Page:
Attorney seeks dismissal of Prinzing charges

Published 12:00 am Saturday, November 1, 2003

Malcolm Prinzing’s attorney asked a judge to drop charges of displaying false political and campaign material against his client on the grounds that there isn’t evidence to prove Prinzing knew the falsity of his accusations against former State Senator Grace Schwab.

In an affidavit Prinzing alleges that law enforcement never told him that Schwab’s removal and return of letters from his marquee signs were not considered theft.

Prinzing’s attorney Randall Tigue said the Minnesota Supreme Court requires that the prosecution prove that Prinzing knew that his statements were false.

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In a September Tribune article Freeborn County Attorney Craig Nelson said Prinzing had been told several times by law enforcement that what Schwab did was not illegal.

Tigue pointed to affidavits from law enforcement and the county attorney that don’t mention telling Prinzing that Schwab’s actions weren’t theft. He said at a hearing yesterday Nelson admitted he couldn’t prove that fact.

Tigue said he thinks the case should be dismissed on those grounds. An earlier motion to dismiss the charge based on a lack probable cause was denied.

Nelson said that he thought the case depended on what he can prove about what Prinzing knew.

But Nelson couldn’t be reached by the Tribune Friday afternoon to discuss what he told the Tribune in September, or Tigue’s points.

A motion also has been filed to remove Nelson from prosecuting the case so that he can be a witness about conversations and involvement he had with the case.

At a hearing held Thursday, Nelson denied Prinzing’s accusations that he told Prinzing, &uot;because of what you do for a living, or, at least what people think you do for a living,&uot; he couldn’t promise the possibility of a theft investigation.

Prinzing was once the owner and tenant of several pornography businesses in addition to having several other businesses, Tigue said.

The motion and affidavits are another chapter in a legal saga that began in 2001 when then-State Sen. Grace Schwab and a mall manager removed letters from a political sign Prinzing had placed without permission in the Northbridge Mall parking lot.

The letters were returned by police, and Prinzing placed more signs calling Schwab a thief, and telling people not to vote for her in an upcoming election. Schwab narrowly lost that election and has a civil suit pending against Prinzing involving this case.

Nelson charged Prinzing and his former corporation for the incident, citing legal requirements regarding election complaints. Two of the three charges have been dropped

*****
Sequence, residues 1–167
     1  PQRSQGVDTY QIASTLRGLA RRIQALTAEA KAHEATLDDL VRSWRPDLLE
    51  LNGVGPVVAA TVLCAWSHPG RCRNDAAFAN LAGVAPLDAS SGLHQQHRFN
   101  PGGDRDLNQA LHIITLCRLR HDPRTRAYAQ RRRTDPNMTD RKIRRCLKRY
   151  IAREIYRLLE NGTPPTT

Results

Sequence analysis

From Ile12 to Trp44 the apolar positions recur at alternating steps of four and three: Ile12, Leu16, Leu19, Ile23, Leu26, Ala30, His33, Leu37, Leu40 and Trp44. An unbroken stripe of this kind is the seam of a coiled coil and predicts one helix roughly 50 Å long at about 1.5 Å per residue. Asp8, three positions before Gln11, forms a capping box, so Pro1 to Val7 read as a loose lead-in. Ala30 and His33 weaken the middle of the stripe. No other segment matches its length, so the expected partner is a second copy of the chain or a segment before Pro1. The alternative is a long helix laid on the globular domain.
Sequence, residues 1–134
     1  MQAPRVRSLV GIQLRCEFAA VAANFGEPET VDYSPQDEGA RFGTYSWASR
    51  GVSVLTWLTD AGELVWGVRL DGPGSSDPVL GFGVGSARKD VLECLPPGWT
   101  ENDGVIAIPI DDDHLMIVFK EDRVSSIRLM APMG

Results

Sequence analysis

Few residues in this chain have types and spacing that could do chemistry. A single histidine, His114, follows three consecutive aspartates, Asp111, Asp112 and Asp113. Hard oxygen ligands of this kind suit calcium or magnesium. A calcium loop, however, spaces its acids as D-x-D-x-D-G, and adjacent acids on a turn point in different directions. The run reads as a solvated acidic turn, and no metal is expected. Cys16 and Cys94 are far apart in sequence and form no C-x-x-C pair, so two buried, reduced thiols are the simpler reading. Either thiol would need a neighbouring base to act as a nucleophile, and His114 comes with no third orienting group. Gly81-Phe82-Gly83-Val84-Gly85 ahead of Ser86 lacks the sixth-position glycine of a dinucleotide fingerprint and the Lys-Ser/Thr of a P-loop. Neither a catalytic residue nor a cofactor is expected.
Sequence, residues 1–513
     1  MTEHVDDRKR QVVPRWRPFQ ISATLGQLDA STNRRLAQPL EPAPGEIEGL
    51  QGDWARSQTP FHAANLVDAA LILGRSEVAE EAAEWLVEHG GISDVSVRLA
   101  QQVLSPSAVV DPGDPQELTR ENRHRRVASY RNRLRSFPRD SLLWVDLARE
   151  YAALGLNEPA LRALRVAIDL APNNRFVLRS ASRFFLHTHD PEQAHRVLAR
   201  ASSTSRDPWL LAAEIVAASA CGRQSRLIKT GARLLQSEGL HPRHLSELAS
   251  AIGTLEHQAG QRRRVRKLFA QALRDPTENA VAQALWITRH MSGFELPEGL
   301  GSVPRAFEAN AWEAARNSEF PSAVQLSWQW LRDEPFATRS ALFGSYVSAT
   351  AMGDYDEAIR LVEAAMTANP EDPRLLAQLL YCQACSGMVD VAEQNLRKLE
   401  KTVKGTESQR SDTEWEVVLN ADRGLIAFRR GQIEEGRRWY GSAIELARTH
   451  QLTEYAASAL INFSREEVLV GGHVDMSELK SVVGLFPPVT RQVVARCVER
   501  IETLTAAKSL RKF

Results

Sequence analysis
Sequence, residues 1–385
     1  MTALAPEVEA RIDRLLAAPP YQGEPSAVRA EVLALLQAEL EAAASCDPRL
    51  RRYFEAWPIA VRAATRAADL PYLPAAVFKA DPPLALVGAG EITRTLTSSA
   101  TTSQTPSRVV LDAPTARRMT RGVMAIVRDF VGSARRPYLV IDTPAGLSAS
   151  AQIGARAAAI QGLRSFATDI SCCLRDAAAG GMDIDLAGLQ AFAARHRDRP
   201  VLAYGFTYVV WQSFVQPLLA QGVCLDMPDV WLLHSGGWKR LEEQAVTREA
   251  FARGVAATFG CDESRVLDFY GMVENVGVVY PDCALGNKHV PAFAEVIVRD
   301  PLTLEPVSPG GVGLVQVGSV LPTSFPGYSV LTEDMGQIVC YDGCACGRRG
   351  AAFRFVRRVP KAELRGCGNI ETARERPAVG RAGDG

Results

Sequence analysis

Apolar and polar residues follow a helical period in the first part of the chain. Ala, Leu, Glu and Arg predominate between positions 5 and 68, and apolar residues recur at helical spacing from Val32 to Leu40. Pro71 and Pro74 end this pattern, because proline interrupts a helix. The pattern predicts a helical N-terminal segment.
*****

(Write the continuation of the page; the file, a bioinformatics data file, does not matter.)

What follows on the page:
Affidavits from the two sides tell different stories on Prinzing’s dealings with law enforcement.

Prinzing affidavit said:

When then-Officer Frank Kohl returned the letters to Prinzing, Prinzing asked &uot;Well, where did you get them?

Who had them?&uot;

Kohl responded that &uot;I don’t have time to argue politics, get the letters out of the car,&uot; and later drove off, without talking to him about whether Schwab’s actions were theft.

In Prinzing’s discussion with Police Chief Tom Menning, Prinzing demanded an investigation by police.

Menning responded, &uot;Well, you got your letters back, didn’t you?&uot; and &uot;Why do you do this, Mal? Why are you raising this kind of Cain?&uot;

The conversation ended with Prinzing comparing the return of the letters to bank robbers returning money. To which Menning didn’t answer.

Nelson said he’d look into the matter, but &uot;Because of what you do for a living or what people think you doing for a living,&uot; he couldn’t make any promises.

Affidavits from all three men say that Prinzing’s interpretation of events has changed over the years.

Kohl said that much of the conversation with Prinzing was a one-sided tangent. He said he couldn’t say if he told Prinzing that Schwab’s actions weren’t theft.

&uot;It’s blown so far out of proportion. It didn’t start out to be big but Mal made it big,&uot; Kohl said.

Menning wouldn’t comment.

His affidavit never mentions whether he told Prinzing what Schwab did isn’t theft. His affidavit does say that facts were clear in the case that Schwab had no intention of keeping the letters from Prinzing.

Judge Joe Bueltel of Steele County has yet to rule on the matter. A court date for the trial is set in December.

(Contact Tim Sturrock at or 379-3438.)